Regardless of the endless work, the pain, the hard knocks, the string of rejections…nothing matters more than pouring your heart completely into what you do and being true to your own perfectly unique vision.

It is worth it...and soulful intent will shine through in the work you do.

The technical end is relatively easy…most anyone can learn the craftsmanship of making art.  Most anyone can copy a style or a photo and create something that someone somewhere would be happy to have in their home.


The hard part, what separates the wheat from the chaff, is being willing to step outside the box, out of your safety zone…and choosing to leap boldly off the edge without looking for a net.

As Agnes DeMille said:
"The artist never entirely knows.  We guess.  We may be wrong, but we take leap after leap in the dark."

THAT is what makes the truest of artists:  no matter what style they embrace, from abstract to impressionist to representational...
they honor their unique way of expressing themselves through their art.

And no matter how many times they fall...they keep leaping!


Living your creativity in such a way means finding a delicate balance between being true to your vision and learning to find the positive in criticism and rejection.  This is how we become better artists.

One of the things I love most about art is that you never get "there"...
there is always something new to try and there is always room for improvement.
In hindsight, I wish I'd saved the plethora of rejections that have landed in my mailbox (it would be an impressive stack of "no"!)…but it would also be a reminder of the sheer determination that is a big part of my foundation as an artist.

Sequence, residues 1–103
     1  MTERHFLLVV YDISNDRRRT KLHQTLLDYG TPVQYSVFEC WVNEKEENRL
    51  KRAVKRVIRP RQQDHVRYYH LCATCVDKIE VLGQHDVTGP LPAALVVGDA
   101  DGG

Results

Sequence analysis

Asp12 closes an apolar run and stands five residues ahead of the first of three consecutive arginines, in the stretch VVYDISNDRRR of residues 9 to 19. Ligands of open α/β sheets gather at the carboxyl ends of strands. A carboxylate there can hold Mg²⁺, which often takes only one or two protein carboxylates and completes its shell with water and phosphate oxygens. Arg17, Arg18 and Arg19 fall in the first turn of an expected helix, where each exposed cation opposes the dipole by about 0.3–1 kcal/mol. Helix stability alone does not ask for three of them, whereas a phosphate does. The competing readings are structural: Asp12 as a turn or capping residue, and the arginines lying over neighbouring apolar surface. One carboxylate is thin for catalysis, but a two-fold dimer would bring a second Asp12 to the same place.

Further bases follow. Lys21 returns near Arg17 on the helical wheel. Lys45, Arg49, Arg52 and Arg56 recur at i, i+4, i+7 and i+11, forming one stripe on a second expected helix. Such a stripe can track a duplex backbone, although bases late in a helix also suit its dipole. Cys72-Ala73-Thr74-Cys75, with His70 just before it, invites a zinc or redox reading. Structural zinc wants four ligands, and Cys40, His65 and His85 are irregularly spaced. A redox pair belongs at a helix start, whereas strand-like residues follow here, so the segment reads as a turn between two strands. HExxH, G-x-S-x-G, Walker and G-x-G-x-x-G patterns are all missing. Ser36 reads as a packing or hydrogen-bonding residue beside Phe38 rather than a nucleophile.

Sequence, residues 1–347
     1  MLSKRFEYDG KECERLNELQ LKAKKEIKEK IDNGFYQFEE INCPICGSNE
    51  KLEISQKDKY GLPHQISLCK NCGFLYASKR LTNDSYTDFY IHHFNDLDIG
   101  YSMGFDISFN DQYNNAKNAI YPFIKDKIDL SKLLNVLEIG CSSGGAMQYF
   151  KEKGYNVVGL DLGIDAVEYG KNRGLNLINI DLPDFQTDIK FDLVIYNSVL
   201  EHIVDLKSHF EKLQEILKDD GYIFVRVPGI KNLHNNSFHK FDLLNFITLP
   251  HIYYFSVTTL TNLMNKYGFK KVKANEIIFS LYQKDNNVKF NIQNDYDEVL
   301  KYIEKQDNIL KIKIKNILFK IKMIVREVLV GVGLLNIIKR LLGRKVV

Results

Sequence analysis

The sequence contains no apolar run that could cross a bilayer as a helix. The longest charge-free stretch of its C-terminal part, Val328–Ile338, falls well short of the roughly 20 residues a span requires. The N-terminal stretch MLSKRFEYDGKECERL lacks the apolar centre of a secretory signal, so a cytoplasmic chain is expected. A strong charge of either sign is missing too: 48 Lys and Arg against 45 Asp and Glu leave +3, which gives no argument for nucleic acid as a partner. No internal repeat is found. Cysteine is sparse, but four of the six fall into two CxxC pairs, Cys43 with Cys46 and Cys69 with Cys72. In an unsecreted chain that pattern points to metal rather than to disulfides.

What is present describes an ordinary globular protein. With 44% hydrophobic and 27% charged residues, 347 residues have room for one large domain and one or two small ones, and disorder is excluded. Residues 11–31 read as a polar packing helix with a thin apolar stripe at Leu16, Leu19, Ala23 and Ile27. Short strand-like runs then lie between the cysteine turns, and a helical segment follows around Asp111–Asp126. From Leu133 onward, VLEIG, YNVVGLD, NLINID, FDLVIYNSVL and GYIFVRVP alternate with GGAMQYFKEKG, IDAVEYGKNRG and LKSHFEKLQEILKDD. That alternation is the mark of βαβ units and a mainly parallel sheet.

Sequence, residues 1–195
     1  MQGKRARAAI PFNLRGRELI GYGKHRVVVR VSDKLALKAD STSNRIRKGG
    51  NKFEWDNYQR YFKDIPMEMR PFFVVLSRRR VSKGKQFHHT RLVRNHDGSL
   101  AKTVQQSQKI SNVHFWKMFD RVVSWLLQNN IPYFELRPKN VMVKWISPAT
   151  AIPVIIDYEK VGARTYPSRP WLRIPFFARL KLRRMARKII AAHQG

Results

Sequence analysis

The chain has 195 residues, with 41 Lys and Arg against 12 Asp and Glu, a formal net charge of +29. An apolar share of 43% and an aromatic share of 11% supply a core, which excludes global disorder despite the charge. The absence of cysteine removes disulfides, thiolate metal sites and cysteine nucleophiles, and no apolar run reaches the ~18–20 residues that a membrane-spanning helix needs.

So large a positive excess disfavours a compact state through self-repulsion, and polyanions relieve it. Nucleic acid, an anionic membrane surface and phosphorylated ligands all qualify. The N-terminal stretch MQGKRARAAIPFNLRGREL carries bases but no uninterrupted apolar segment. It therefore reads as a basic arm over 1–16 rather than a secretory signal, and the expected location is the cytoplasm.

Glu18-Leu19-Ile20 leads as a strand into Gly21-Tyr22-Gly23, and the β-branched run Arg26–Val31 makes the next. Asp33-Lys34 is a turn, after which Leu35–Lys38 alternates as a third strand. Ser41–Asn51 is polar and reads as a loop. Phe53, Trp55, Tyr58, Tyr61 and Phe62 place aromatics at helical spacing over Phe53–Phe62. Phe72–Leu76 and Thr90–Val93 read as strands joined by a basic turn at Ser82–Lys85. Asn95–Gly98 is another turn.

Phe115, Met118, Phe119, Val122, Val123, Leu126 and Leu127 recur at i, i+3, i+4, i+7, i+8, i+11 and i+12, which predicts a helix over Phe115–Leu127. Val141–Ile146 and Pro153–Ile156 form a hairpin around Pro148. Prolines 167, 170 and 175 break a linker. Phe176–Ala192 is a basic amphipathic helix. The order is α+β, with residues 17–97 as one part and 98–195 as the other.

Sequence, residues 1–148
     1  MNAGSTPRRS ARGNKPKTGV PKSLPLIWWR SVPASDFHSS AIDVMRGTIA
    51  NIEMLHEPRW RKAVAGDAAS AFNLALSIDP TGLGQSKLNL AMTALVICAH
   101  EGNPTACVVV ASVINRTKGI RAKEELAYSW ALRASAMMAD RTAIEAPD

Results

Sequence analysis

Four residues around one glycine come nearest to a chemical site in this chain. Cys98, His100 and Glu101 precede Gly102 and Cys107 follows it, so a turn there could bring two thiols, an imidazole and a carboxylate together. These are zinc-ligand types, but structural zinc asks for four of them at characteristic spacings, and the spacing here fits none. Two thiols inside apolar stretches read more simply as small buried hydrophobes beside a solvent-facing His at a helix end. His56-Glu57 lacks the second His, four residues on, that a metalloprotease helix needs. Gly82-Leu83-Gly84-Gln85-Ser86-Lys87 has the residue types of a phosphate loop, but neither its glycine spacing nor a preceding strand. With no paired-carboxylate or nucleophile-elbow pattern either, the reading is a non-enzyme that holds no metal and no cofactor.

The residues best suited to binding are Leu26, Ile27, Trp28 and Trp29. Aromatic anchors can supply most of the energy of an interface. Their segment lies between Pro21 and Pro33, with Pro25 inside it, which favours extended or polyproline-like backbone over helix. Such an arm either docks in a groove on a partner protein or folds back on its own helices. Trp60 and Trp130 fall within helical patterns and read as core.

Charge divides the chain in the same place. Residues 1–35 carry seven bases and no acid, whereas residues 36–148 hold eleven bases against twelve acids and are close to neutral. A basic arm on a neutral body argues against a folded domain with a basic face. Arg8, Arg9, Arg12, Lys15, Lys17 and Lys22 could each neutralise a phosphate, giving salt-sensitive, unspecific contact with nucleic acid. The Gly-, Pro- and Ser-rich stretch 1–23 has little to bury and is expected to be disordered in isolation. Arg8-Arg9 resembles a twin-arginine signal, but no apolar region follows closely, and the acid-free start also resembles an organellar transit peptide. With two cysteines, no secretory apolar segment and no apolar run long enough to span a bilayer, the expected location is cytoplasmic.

Over the years I have won over 90 awards for my art and my work hangs in museums and collections all over the world...

Along the way, I have also been rejected from more shows than I can count.


If I miss out on an award or get a rejection...I work harder to push that envelope next time.

If I win an award or get "in"...I work harder to push the envelope next time.
Ribbons or rejections...either way, it changes nothing.  I am an artist...and no jury decision can change that.

No matter how many rejections come my way...I will continue to try to break free of my comfort zone and make art straight from the heart.





This is a journey, my friends.  The true artist's path is no yellow brick road…it is fraught with washouts, thorny patches, ruts and blind curves.




Choose your steps carefully, trust your heart, listen to your muse and find joy in the fact that there could be something wonderful to learn just around the next bend.  


"In" or "out", I am grateful for shows like Birds in Art that give us reason to raise the bar and take flight as artists.

Heartfelt thanks go out to the fabulous staff of the Leigh Yawkey Woodson Art Museum for, to paraphrase Pooh, giving us something that is so hard to not get into!


Congratulations to ALL of the artists who spread their wings to even TRY for this show...

as far as I am concerned...every one of you is "in"!




By the way...
ALL of the paintings that illustrate this post represent just SOME of my Birds in Art "rejects" over the 20 years I have applied...(and, yes, there were some others that DID get in!)  :-)